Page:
Changes in blood fats and other markers of heart health and diabetes detectable from age of six in children with overweight, Danish study finds
- Early childhood – as young as 2.5 years old – provides critical window to detect overweight
- Early detection could provide crucial opportunity to improve a child’s health for years to come
A new study being presented at this year’s European Congress on Obesity (ECO) in Maastricht, the Netherlands, and published simultaneously in Obesity Research & Clinical Practise, has revealed that changes in blood fats and other markers of heart health and diabetes are detectable from the age of six in children who have overweight.
The study of almost 1,000 Danish children also established that routine dental check-ups provide a good opportunity to measure BMI.
“The prevalence of childhood obesity is high and the short-term and long-term complications of childhood obesity are numerous,” says the study’s first author, Dr Christine Frithioff-Bøjsøe, of the Children’s Obesity Clinic, European Centre for Obesity Management, Copenhagen University Hospital Holbaek, Holbaek, Denmark.
“Overweight in early childhood often tracks into adolescence and adulthood and is associated with a higher risk of heart disease, liver disease, type 2 diabetes and other metabolic conditions in later life. As a result, the early identification and treatment of overweight provides a crucial opportunity to improve a child’s health for years to come.”
The study which was led by Dr Frithioff-Bøjsøe, Prof Jens-Christian Holm and colleagues at the Children’s Obesity Clinic, set out to discover if it is practical to use existing contacts in primary healthcare sector to detect overweight from an early age.
Dental assistants and public health nurses were trained in measuring weight and height and carried out BMI assessments during routine appointments in dental clinics (children in Denmark are entitled to regular dental appointments from as early as the age of one) and in health visits in schools.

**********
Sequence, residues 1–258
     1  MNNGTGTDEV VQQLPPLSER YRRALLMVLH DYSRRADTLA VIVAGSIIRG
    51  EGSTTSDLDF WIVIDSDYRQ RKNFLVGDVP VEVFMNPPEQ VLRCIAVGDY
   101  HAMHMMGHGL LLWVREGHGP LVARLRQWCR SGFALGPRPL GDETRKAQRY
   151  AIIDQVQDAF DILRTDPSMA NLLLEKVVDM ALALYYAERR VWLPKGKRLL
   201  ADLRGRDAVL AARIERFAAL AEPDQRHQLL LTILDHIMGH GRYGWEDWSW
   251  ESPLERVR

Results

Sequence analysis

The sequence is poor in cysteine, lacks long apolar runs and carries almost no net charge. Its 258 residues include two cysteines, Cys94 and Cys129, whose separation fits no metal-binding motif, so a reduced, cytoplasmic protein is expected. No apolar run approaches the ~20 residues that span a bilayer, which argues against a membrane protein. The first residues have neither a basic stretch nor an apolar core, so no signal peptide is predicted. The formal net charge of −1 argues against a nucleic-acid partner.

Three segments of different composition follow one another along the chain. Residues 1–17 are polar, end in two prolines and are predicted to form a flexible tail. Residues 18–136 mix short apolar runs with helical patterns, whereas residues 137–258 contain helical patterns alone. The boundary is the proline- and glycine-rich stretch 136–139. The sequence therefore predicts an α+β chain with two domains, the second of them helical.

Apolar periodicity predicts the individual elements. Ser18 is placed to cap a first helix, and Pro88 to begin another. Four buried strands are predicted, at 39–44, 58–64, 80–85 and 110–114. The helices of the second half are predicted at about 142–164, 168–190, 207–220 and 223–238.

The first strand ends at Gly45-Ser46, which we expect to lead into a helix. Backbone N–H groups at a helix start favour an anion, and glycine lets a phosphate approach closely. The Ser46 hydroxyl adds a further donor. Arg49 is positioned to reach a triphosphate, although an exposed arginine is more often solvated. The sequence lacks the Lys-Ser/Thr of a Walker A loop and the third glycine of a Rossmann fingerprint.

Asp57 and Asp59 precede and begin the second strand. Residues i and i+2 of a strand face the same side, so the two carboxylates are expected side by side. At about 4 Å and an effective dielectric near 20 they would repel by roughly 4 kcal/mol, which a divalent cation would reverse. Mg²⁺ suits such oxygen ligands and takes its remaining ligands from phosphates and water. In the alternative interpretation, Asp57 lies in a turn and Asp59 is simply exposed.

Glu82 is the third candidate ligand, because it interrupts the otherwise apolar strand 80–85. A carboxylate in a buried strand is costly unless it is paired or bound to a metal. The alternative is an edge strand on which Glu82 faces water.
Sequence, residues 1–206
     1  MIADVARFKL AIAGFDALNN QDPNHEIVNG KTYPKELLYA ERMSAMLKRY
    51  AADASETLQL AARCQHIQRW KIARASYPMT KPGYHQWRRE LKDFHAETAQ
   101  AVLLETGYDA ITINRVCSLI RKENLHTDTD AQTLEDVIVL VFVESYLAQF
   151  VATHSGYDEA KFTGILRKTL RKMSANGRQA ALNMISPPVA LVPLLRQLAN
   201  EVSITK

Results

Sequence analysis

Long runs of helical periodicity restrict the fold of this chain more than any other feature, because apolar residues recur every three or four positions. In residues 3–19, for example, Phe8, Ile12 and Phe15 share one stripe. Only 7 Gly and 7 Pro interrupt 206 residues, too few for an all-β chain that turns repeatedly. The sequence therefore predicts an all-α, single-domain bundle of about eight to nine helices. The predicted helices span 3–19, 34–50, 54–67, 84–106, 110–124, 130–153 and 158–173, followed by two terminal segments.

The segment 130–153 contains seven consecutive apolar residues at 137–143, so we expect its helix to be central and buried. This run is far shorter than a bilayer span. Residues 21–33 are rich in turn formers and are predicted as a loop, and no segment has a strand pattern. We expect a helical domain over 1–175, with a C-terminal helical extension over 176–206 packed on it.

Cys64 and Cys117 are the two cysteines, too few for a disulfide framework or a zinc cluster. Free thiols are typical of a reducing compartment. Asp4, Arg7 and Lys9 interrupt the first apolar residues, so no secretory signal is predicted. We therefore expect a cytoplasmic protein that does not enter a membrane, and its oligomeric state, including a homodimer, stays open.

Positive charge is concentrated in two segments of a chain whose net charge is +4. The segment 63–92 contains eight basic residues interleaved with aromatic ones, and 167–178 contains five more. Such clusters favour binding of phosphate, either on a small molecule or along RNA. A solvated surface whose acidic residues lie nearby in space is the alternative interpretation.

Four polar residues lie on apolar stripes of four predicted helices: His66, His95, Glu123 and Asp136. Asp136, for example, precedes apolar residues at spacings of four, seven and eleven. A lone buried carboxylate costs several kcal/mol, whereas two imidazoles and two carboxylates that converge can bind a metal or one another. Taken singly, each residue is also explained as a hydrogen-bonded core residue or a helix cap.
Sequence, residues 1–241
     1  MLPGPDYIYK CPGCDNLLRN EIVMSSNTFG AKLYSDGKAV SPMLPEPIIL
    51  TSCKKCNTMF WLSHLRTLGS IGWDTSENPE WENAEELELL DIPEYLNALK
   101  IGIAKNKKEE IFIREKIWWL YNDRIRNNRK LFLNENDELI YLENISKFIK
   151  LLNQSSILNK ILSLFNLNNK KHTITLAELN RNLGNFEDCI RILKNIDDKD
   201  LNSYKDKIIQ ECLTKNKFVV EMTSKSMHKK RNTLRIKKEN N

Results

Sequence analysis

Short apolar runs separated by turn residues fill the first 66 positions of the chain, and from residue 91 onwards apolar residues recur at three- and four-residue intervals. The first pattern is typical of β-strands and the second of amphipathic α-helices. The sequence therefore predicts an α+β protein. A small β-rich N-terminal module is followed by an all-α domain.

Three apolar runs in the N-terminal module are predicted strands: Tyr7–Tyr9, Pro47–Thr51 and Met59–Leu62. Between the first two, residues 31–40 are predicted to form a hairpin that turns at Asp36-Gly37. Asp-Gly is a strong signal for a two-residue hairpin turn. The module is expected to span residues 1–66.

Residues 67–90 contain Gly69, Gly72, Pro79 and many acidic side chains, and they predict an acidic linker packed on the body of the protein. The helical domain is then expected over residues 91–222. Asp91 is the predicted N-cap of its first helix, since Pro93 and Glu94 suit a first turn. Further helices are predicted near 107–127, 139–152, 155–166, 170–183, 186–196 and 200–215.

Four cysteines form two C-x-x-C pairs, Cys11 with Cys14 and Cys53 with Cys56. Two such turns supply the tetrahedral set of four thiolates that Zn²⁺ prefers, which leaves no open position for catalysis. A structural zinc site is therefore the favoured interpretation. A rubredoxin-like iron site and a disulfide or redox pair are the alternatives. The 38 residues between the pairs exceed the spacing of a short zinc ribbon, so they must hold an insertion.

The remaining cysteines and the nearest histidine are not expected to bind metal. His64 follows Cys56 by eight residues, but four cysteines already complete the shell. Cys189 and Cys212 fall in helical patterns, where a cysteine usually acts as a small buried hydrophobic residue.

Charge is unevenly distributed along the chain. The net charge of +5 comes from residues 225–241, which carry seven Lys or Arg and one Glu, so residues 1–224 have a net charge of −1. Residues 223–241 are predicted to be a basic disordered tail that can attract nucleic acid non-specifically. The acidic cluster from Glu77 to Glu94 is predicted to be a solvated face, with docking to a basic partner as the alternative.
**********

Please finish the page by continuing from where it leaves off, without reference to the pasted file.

The dental assistants recruited 335 pre-school children (age 2.5 and 5 years old) into the study. A further 657 school-age children (6-8 years old) were recruited by public health nurses, taking the total number of participants to 992 (494 boys).
All the children had their BMI assessed at the start of the study. A sub-group of 392 children had their blood pressure measured and gave a blood sample, which was tested for a range of cardiometabolic risk markers.
The BMI assessments and other tests were repeated approximately a year later.
At the start of the study, the proportion of children with overweight was 13.7% in both groups (pre-school children and schoolchildren).
Differences in cardiometabolic risk markers between children with and without overweight were minor in the pre-schoolers.
In the schoolchildren, however, there were clear differences in the blood test results between those with overweight and those in the normal weight range.
Schoolchildren with overweight had significantly higher levels fasting glucose, insulin, triglycerides and alanine aminotransferase, which can indicate a higher risk of type 2 diabetes, cardiovascular disease and liver disease.
Levels of overweight hadn’t changed in the pre-school children when they were measured again around a year later but had risen to 17% in the schoolchildren.
The study’s authors say that their research shows that it is practical to use existing health services, including dental clinics, to evaluate the degree of overweight in a general paediatric population.
Dr Frithioff-Bøjsøe adds: “We also overcame barriers identified in other studies which include concerns about a lack of adequate training, offending patients and caregivers and stigmatisation of the child.”
The researchers say that even though the risk marker levels measured in the study were still in normal range, the increases are still a concern, particularly at such a young age.
Dr Frithioff-Bøjsøe explains: “By the age of 11, 15-20% will exhibit overweight and a large group will subsequently exhibit high blood cholesterol levels, fatty liver disease or prediabetes, as well as a severely affected quality of life. So, detecting these changes early would be a major advance in preventing the development of disease.”
The authors conclude: “We found rises in risk markers for heart and liver disease and diabetes in schoolchildren with overweight. These changes were not detectable just a few years earlier in pre-schoolers with overweight and suggests that pre-school – as early as 2.5 years of age – could provide a critical window to detect and manage overweight.
“This would, in turn, allow weight loss interventions to start early, and reduce the risk of a child with overweight becoming an adult, or even an adolescent, with overweight and other conditions such as type 2 diabetes.”